The following quotation, widely attributed to Biden, was authentic: "I've seen more of Dr. Fauci than I have my wife. We kid each other, but they look 'Who's president? Fauci.' But all kidding aside, I sincerely mean it." However...
Biden and his audience were laughing during those remarks, making it clear he was speaking entirely in jest. The phrase "I sincerely mean it" did not cast doubt on the humorous intent behind Biden's Fauci quip, but rather referred back to the president's earlier comments, in which he thanked National Institutes of Health staff for their working during the COVID-19 pandemic.
In December 2021, critics of U.S. President Joe Biden jumped into action, suggesting he had declared, "admitted," or let slip that his Chief Medical Adviser Anthony Fauci was, in effect, the true president of the United States.
At the heart of that rumor was a quotation taken from Biden's remarks at a news conference on Dec. 2, which was typically presented as follows:
"Who’s president? Fauci. But all kidding aside, I sincerely mean it."
On that basis, several observers and websites, primarily right-leaning and more broadly opposed to Biden's presidency, either stipulated or suggested that he had stated, in earnest, that Fauci was president.
For example, a post on the website VidMax bore the headline "Joe Biden Officially Admits that Dr. Fauci is Actually President" and claimed Biden "slipped up and admitted the person actually calling the shots at the white house is actually Fauci, not him!"
Meanwhile, the conservative website Breitbart observed in its report that Biden was speaking in jest ("Biden joked with a chuckle"), but decided to omit that crucial context from its headline, which read starkly "Joe Biden: 'Who's President? Fauci.'"
For its part, Mediaite used innuendo to suggest that Biden might not actually have been joking in his quip about Fauci, making a point of inserting a question mark after the word "jokes", in their headline, as well as including the phrase "I sincerely mean it":
The claim — whether explicit or implicit — that Biden had earnestly asserted that Fauci was the de facto president fails on two grounds. Firstly, video of his remarks makes it clear he was speaking in jest. Secondly, a proper, contextual viewing of Biden's remarks makes it clear his use of the phrase "I sincerely mean it" referred to his broader expression of gratitude and praise to staff at the National Institutes of Health, rather than his throwaway quip about Fauci being "the president." For these reasons, we are issuing a rating of "Mostly False."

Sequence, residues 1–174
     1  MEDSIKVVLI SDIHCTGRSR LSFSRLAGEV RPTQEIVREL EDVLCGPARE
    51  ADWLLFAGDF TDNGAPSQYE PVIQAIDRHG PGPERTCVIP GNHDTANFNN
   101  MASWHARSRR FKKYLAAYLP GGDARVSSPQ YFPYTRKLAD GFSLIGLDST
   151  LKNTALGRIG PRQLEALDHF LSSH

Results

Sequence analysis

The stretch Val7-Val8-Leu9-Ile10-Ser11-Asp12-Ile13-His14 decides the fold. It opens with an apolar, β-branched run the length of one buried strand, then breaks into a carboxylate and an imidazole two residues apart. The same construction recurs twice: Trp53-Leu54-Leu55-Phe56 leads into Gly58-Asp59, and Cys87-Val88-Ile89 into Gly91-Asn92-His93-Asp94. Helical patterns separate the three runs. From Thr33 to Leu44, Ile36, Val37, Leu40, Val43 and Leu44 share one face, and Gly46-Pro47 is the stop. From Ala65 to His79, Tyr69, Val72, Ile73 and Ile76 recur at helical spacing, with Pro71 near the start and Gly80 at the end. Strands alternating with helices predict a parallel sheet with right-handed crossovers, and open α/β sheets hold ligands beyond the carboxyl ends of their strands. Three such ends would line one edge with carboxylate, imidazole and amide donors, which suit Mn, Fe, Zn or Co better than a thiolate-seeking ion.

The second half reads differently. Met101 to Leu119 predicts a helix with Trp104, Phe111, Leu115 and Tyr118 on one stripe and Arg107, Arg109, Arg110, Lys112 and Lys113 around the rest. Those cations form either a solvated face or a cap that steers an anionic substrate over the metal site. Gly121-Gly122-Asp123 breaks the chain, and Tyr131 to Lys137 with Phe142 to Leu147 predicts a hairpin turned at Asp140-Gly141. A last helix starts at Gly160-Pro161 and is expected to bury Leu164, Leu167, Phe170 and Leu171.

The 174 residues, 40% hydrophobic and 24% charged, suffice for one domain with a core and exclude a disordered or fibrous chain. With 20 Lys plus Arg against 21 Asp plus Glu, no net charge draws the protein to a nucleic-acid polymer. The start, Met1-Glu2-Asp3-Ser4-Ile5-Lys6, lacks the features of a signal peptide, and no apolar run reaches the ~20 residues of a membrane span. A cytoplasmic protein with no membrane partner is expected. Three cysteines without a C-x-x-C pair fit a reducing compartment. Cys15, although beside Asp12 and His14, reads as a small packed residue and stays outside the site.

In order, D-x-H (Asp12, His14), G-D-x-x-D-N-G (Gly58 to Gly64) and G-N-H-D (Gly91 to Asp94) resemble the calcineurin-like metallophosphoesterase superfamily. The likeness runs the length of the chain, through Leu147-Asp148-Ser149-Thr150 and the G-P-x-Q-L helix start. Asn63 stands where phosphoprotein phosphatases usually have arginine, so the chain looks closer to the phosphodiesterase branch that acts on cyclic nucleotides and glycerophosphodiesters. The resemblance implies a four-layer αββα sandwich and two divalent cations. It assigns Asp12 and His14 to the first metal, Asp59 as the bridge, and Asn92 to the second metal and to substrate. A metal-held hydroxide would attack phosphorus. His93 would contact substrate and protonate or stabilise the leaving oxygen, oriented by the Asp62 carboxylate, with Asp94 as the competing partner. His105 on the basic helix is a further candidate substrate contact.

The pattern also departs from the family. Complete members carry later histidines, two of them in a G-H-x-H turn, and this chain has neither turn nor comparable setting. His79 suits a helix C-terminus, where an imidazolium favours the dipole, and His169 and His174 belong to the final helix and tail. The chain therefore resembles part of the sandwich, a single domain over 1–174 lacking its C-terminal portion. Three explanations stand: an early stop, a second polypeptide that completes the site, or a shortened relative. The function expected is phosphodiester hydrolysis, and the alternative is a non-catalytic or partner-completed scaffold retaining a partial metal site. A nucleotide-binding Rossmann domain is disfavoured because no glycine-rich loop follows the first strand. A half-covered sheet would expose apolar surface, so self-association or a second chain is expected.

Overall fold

Biden's remarks can be watched in their proper context below. He was speaking on Dec. 2, at the launch of the government's winter COVID-19 plan, at the National Institutes of Health (NIH) in Bethesda, Maryland. An excerpted transcript can be found below:
[Audience applauds as Biden approaches the podium]
Biden: Please, if there's any audience who I should be standing for, it's you. Not you standing for me, but thank you very much.
Good afternoon. You know, in February I came out here to the National Institute of Health and NIH, and to our vaccine research center, to thank all of you, and the world-class doctors, scientists, researchers for the incredible work you've done during the pandemic. And developing vaccines, saving lives, giving us hope — also, continuing to give me advice on the developments, as they occur. I've seen more [laughs] of Dr. Fauci than I have my wife. We kid each other, but [audience laughs] they look "Who's president? Fauci." But all kidding aside, I sincerely mean it...
Viewed in their proper context, Biden's remarks were unambiguous, and the president clearly demonstrated he was speaking in jest both verbally ("We kid each other," "all kidding aside") and non-verbally, by laughing. Those in the room at the time also clearly understood his remarks to have been in jest, by also laughing.
The phrase "I sincerely mean it" — seized upon by critics of Biden as proof that he was muddying the waters over the sincerity of his Fauci quip, in fact referred back to the main thrust of his sentence, namely his expression of gratitude to NIH scientists for "developing vaccines, saving lives, giving us hope."